Solo cruising: A refreshing alternative to singles cruising

Published on: April 14, 2012 | Last Updated on October 9, 2019

Boarding a cruise ship may feel like stepping onto Noah’s Ark in the sense that most passengers arrive two by two. While married couples make up only slightly more than 50 percent of the general population, according to a recent survey by Cruise Line International Association, some 80 percent of cruisers travel with spouses. Approximately 35 million adults take solo vacations, but only 5 percent of them take cruises, says Amanda Graham, manager of public relations for Norwegian Cruise Line.

Cruising solo is different from going on a singles cruise. Solo cruisers travel independently on a ship where there may be a mix of singles, couples, and families. On a singles cruise, a block of cabins (or an entire boat) is designated for singles with hosted social activities planned to help them meet each other.

With more people remaining single, the social stigma of traveling without a companion is fading and respect for independent travelers is growing. As a result, many single travelers are opting to cruise solo. Joanne Zito, a sales manager from Hollywood, Fla., has taken three solo cruises in the last three years. “I like to come and go as I please and unwind at my own pace when cruising,’’ she says.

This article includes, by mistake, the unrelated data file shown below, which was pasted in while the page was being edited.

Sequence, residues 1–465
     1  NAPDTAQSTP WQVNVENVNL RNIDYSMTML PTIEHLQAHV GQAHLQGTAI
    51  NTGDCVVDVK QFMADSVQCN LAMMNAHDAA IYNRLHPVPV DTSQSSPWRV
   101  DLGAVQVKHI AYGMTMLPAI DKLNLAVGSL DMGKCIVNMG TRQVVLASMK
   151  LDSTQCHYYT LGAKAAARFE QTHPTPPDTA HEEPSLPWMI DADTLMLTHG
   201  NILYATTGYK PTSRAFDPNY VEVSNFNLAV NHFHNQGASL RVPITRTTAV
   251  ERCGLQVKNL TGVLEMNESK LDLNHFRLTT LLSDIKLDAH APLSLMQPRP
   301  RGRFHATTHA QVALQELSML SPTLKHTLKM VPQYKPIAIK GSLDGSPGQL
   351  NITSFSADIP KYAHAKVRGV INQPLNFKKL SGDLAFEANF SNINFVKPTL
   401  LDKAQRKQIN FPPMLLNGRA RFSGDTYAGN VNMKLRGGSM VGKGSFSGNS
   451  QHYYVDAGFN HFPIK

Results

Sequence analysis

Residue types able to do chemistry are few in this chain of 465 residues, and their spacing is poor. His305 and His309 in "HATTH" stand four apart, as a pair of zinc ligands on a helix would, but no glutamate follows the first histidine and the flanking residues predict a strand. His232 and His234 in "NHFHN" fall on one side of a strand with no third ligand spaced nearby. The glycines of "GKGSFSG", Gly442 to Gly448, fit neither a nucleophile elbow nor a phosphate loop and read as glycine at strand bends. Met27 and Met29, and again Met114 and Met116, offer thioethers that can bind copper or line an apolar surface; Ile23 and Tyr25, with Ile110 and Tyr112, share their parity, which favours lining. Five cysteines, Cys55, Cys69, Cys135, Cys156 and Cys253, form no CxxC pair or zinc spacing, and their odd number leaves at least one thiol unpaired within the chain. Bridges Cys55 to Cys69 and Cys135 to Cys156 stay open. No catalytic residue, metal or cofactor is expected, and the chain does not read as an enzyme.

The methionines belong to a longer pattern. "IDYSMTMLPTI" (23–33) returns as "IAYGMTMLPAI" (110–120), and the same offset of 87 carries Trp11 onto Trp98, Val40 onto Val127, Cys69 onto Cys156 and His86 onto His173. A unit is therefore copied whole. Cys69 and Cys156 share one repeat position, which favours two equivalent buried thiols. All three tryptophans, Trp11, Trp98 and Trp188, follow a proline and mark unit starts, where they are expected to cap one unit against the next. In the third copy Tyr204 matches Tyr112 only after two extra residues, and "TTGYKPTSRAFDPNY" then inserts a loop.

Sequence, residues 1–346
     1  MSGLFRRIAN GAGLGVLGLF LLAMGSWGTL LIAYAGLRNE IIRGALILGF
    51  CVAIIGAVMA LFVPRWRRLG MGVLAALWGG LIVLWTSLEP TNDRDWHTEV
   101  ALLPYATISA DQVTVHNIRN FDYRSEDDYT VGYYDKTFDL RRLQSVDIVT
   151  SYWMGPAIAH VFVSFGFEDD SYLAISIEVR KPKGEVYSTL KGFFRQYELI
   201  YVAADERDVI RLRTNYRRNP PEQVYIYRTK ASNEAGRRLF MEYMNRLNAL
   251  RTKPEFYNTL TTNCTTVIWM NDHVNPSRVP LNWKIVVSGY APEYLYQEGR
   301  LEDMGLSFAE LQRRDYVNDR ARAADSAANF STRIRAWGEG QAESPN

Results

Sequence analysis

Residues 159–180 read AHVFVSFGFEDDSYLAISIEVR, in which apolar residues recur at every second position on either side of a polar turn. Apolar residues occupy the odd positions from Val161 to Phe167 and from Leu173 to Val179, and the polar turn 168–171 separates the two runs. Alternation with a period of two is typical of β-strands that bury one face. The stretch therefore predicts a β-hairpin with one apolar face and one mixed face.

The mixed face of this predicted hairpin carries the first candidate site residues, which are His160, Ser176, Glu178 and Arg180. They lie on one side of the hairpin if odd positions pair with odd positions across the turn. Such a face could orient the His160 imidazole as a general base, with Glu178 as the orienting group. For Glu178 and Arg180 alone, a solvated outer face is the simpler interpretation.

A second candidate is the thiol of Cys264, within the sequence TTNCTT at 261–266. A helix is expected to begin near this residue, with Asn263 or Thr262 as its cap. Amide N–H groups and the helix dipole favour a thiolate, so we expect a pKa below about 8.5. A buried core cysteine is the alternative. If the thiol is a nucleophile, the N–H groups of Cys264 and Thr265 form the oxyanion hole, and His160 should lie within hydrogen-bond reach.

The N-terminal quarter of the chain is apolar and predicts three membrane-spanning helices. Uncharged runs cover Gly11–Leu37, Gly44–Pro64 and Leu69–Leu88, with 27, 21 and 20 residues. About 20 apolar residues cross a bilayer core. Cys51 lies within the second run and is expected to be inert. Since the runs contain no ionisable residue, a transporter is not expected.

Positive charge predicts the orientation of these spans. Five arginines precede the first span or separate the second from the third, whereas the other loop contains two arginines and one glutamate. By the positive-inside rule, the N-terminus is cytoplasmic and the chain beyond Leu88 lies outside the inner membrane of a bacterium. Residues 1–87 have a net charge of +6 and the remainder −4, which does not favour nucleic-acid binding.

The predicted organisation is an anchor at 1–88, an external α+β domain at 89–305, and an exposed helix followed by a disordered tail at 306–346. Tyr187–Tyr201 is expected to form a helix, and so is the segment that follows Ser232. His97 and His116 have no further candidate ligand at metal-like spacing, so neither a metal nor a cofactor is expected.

Penalty for cruising alone

One of the greatest barriers to cruising alone has always been financial. Because cabins are typically designed to accommodate two people, passengers traveling alone are required to pay a “single supplement,’’ generally ranging from 25 to 100 percent more than the fare for one individual.

“The barrier is more psychological than financial,’’ says travel agent Amber Blecker of Aurora, Colo., a CruiseOne franchise holder and founder of who specializes in solo cruising. This rate structure is virtually the same one used by hotels, she explains.

Double-occupancy rooms are priced at a set amount, whether or not a guest sleeps alone. Another rationale for the charge: While the cost of a cruise includes meals and entertainment, solo occupants historically are less profitable when it comes to additional on-board spending.

Blecker suggests that when assessing cost, consumers should focus on the bottom line relative to the cost of a land vacation. “If the price is acceptable, disregard the supplement and have a wonderful time,’’ she says.

For those on tighter budgets or philosophically opposed to the inequity of the single supplement, there are several ways to minimize cost. Many lines, such as Avalon Waterways, Crystal Cruises, Regent Seven Seas, Seabourn, Silverseas Cruises, and Uniworld Boutique River Cruises, advertise promotions throughout the year offering reduced single supplements, most often on luxury and river cruises. Seabourn, for example, offers two such programs: Single Traveler Savings (allowing single occupancy of specific suites in certain categories at 175 percent of the applicable per person double occupancy fare) and Run of Ship Single Savings (on select sailings, allowing single travelers to pay 150 percent of per person double occupancy fares.)